Subject: Re: Returns to service professionals
From: "Stephen J. Turnbull" <turnbull@sk.tsukuba.ac.jp>
Date: Mon, 5 Jul 1999 14:31:32 +0900 (JST)

>>>>> "Brian" == Brian Bartholomew <bb@wv.com> writes:

    >> I really do believe that a lot of companies have, that the
    >> internet as they now encounter it, is a limitless resource,
    >> when in fact it was created by a cooperative spirit, and the
    >> kind of innovations that gave them their springboard will get
    >> "used up", and they are going to have to start doing more of
    >> the heavy lifting themselves to get to the next level.  My
    >> point is that like sustainable agriculture, it's better to
    >> start before you've depleted the soil.

    Brian> Perhaps the pool of volunteer/charity programming talent is
    Brian> a commons which can be overgrazed.

Afraid not.  Not unless it's slave labor with no choice about what it
works on, or too stupid to have its own opinions about what's worth
doing.  I know you favor the former interpretation, Brian, but it's
not tenable.

As long as I'm here...

I was wrong, there is an economic literature on common pool problems
in intellectual property.  Brian D. Wright, "The Economics of
Invention Incentives," American Economic Review 83:4, Sep 1983,
691-707.  This applies particularly to patents, and assumes that
fishing for patents is like fishing for, well, fish.  (The standard
mathematical formulations are identical.)  The basic result there is
that R&D is _over_provided.  This is a completely different issue from
the free rider problem we discussed in an earlier thread.

Also in the same issue of the AER is an interesting article by Jennifer 
Reinganum: with uncertainty, incumbents have less incentive to do R&D
than challengers.  Thus the challenger eventually wins, despite the
monopolist's incentive to preserve their monopoly.  Consistent with
the behavior of MSFT, which uses alternative methods to preserve its
incumbency.

Finally, a very recent article by Cornelli and Schankerman, "Patent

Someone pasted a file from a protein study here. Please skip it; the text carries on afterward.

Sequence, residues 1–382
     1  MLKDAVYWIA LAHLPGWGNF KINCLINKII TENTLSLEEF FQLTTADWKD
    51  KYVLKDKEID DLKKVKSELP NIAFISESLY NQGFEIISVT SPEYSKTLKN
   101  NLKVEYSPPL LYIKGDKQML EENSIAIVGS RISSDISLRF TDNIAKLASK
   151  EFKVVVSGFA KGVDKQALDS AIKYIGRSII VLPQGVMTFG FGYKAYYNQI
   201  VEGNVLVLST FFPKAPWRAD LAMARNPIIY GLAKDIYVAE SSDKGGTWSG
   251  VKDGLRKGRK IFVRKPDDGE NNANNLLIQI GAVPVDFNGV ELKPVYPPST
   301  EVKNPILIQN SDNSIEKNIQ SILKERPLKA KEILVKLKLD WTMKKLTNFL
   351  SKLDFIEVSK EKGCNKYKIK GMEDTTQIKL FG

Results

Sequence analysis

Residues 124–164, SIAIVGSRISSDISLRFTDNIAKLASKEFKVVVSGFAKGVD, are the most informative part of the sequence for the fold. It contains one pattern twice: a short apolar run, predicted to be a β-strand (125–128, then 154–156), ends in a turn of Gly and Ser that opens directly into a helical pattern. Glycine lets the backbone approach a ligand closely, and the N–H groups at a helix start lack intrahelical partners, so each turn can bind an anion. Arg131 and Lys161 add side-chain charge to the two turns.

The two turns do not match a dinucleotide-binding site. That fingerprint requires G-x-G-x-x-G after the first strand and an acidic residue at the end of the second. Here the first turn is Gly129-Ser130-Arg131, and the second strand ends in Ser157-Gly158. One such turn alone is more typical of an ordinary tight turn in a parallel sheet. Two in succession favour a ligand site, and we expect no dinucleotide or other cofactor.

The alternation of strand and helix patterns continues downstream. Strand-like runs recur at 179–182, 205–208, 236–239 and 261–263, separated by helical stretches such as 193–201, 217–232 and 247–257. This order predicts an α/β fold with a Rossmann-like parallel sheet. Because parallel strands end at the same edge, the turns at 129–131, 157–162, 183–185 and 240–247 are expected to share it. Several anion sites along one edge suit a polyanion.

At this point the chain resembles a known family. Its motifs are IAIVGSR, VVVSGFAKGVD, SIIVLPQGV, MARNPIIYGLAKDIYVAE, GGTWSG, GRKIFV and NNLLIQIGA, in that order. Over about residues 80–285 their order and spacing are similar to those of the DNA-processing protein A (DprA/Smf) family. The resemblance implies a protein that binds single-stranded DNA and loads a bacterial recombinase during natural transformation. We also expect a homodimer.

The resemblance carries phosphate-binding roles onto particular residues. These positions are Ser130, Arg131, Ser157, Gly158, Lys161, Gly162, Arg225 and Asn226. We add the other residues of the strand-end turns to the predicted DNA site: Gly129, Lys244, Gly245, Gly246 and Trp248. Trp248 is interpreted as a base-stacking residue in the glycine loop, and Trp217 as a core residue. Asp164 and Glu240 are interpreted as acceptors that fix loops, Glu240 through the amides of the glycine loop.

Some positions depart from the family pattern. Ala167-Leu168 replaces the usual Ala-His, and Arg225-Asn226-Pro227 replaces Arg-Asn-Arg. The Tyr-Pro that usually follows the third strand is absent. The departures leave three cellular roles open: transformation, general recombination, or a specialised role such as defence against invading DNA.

Renewals and R&D Incentives," RAND Journal of Economics 30:2, Summer
'99 (note the y2k problem), 197-213, suggests that from the point of
view of encouraging R&D to socially optimal levels (ie, aggregate
consumer benefits at market prices are maximized), the current WTO
proposal of 20-year patent lifetimes is too _short_.  However, they
also propose a sliding scale for patent renewals, rising sharply with
term.  (Of course this amounts to a tax, with all the problems of
government incompetence that that brings with it.  However, it does
not discourage R&D relative to the social optimum if done correctly.)
I don't know how well their parametrization of the innovation process
fits software, probably pretty poorly.

Dunno how much any of these apply to software under copyright
protection, of course; I suspect that all the patent literature is
bogus in software, since most software development is
"straightforward" given a correct specification.  Wright shows that in 
that case doing development on contract is the socially preferred
method (although he provides no mechanism for deciding how to allocate 
resources to different projects).

-- 
University of Tsukuba                Tennodai 1-1-1 Tsukuba 305-8573 JAPAN
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What are those two straight lines for?  "Free software rules."